Sunday, September 10, 2017

Thriving in ambiguous and uncertain times

If you are a regular reader to my blog you will know that I've made several posts this week about the future of learning based on reading I've downloaded from the KnowledgeWorks website.  Previous posts have speculated on what the future of work might look like, so for this post I want to dig a little deeper into what education might look like in order to prepare students for these possible futures.

  • More emphasis on teaching social and emotional skills - these will be vital for success in the emerging workplace.
  • The nurturing of visions and passions - K-12 education should support self-discovery.
  • Bringing ambiguity and uncertainty to the classroom - to prepare students for work tasks that will likely be vague and approachable through multiple solution pathways.  Students will need to strengthen their abilities to ask questions and to seek help.  Learning activities need to become less prescriptive so that students will build their skills to navigate ambiguity.
  • More cognitive diversity and flexible thinking - future work will involve decision-making and problem-solving, creativity and innovation.  Students will need to recognize and appreciate diverse perspectives in order to be successful collaborators.
  • Using technology to enhance human capacity and facilitate deeper thinking - as people will increasingly need to use technology that augments human strengths, teachers should design learning engagements that use technology to push higher-order analysis, synthesis and generative thinking.
  • Redefining success - there will need to be a move away from traditional notions of success that are linked to mastering specific skills and knowledge, and a move towards new kinds of context-dependent skills and knowledge.  Educators need to focus on assessing how students combine continual learning and reskilling with social-emotional development.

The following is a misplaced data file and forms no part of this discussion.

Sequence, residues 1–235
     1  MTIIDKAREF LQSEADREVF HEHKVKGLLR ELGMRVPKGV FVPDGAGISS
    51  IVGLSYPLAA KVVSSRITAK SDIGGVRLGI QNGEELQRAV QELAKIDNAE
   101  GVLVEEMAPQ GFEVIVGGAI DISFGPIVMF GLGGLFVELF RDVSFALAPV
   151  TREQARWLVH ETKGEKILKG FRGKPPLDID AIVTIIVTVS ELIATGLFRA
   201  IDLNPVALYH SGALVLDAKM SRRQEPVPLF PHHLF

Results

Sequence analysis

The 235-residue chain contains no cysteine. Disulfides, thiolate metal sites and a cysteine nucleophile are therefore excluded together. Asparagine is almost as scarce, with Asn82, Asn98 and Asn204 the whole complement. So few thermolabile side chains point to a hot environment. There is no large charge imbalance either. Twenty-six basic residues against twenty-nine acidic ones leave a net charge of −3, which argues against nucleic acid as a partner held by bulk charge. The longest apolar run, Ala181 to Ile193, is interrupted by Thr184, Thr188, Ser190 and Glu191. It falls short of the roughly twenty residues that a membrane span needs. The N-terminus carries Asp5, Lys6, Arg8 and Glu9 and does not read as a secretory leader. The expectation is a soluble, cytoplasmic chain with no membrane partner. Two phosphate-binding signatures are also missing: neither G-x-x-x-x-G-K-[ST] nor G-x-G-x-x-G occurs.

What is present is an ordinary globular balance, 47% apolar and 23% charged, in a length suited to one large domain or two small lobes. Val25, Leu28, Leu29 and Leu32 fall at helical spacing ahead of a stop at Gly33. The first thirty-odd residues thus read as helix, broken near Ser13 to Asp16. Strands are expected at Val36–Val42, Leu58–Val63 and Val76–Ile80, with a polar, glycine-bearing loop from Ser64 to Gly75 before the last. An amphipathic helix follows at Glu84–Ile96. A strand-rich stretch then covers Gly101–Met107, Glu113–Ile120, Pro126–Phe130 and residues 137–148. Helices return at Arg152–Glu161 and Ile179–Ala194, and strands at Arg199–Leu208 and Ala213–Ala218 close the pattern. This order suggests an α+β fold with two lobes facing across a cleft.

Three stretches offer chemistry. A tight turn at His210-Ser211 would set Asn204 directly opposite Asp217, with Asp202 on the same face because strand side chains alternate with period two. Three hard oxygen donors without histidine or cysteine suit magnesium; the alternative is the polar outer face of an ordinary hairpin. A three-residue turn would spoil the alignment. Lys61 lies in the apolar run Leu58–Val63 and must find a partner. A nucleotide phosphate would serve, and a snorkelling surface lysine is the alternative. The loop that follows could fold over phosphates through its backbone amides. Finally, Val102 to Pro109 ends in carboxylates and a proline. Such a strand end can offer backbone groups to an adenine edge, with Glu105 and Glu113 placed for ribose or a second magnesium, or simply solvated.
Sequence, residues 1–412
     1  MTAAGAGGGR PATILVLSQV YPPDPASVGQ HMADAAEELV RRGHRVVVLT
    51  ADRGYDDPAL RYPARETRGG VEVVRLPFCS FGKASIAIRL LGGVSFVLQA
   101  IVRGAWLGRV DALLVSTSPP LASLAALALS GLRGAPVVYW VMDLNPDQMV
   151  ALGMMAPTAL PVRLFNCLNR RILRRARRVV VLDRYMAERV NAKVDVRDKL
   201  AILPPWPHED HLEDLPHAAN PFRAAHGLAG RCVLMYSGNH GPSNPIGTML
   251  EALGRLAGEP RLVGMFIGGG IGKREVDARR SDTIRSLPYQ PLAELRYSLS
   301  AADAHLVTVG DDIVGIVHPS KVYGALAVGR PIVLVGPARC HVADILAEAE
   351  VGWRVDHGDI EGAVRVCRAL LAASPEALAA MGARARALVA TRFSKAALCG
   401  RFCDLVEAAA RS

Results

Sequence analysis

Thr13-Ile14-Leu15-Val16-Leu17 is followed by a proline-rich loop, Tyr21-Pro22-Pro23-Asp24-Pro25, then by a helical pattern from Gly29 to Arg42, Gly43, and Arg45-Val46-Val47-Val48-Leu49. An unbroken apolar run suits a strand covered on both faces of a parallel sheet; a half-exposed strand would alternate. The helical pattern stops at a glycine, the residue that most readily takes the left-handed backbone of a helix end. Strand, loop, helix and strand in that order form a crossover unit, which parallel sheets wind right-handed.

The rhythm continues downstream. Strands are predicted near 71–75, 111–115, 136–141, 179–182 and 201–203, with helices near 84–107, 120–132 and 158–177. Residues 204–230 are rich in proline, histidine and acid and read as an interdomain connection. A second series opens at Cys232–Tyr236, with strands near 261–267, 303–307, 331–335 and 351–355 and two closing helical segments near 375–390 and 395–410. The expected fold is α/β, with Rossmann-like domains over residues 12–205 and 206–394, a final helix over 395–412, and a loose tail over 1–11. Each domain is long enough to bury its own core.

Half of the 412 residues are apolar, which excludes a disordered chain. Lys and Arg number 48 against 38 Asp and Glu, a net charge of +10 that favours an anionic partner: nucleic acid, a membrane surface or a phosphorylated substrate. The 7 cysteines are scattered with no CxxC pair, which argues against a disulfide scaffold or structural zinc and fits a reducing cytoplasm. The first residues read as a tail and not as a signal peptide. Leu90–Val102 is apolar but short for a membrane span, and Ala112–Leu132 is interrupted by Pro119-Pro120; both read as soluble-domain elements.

• More emphasis on reflection - which also implies that students also need more agency in setting goals.
  • Teacher training that has social-emotional intelligence at its centre - research shows that social-emotional skills are more predictive of success and adaptation than intellectual skills.  Teachers need to be trained in how to ask meaningful, respectful questions that help students' curiosity to unfold and confidence to grow.
  • Partnerships that engage students in experiential and project-based learning, possibly bringing on-board out-of-school learning providers.
The report states, "In many K-12 environments, responding to these opportunities will mean rethinking how learning is structured and organized; how resources such as time, technology and people are allocated to create meaningful learning opportunities; how learning is assessed and progress tracked; how space is used; and how educators are supported in modelling reflective learning and aspirational personal development."

This year I'm part of the Visioning Task Force at ASB.  Our big question this week was: Based on who we are, where we are, and what we know about the future of education and the future of work places, what do we need to and want to become?  This is a year-long task force and I'll be blogging about my thinking and about our ideas regularly.

Photo Credit:  image found via CC Search - Hall Art Foundation

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